A plantar calcaneal enthesophyte refers to an osteophyte which is located anteriorly to the medial tuberosity of the calcaneus.
This is caused by repeated micro-trauma at the insertion of the plantar fascia into the calcaneus leading to inflammation and tenderness under the medial heel during weightbearing activities.
A major biomechanical factor contributing to the ossification of the enthesis is a compromised or weakened medial longitudinal arch which increases calcaneal eversion and consequently, tension to the plantar fascia.
This was further elaborated by Kogler et al. in their study which focused on the biomechanical effects of longitudinal arch support mechanisms on plantar aponeurosis strain.
The results of the study revealed foot orthoses to be effective arch supports which helped to considerably decrease strain in the plantar aponeurosis by stabilising the apical bony structure of the foot’s arch.
Irving et al. conducted another study which investigated the aetiology of chronic plantar heel pain by matching eighty participants with bilateral heel pain to a control group.
A significant association was determined between a pronated foot type and chronic plantar heel pain, making it a prominent risk factor in the development of the condition.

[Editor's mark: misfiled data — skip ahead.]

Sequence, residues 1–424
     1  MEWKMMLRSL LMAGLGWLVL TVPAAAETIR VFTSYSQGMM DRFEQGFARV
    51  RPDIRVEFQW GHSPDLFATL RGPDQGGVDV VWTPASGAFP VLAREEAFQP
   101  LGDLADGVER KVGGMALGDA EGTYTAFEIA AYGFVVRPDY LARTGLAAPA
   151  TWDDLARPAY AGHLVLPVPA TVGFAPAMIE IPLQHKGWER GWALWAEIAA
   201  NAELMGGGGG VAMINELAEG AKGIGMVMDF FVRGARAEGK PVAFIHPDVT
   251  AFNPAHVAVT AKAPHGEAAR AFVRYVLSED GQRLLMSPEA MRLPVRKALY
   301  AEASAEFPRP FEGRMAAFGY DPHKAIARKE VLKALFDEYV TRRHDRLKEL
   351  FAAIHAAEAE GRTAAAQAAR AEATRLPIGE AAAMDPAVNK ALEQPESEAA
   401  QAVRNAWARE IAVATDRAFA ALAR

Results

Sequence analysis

These results have long-term implications in the treatment and orthotic management of both calcaneal spurs and plantar fasciitis.
Imbalances caused by weak intrinsic foot muscles, can cause some of the extrinsic muscles to work overtime in order to overcome these imbalances, particularly the extensor hallucis longus, flexor digitorum longus, extensor digitorum longus and flexor hallucis longus.
This leads to hyperextension of the metatarsophalangeal joints and flexion of the interphalangeal joints which ultimately exaggerates the longitudinal arch of the foot via the windlass mechanism.
Contrary to the common misconception that orthotics weaken the intrinsic muscles, the augmented calibration process at MASS4D® ensures that the resultant orthotic provides the correct balance of a resistant force to allow optimal muscle function.
Muscles are allowed to work unaffected throughout their functional range of motion, weaker muscles are coaxed into strengthening and joint alignment is re-established.
This causes stabilisation of the medial longitudinal arch and reduces the high tensile forces on the plantar fascia ligament, restoring the optimal functioning of the foot.
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Repetitive plantarflexion can lead to pain and mechanical limitation in the posterior ankle joint which is known as posterior ankle impingement syndrome. This pathology commonly occurs in ballet dancers and football players.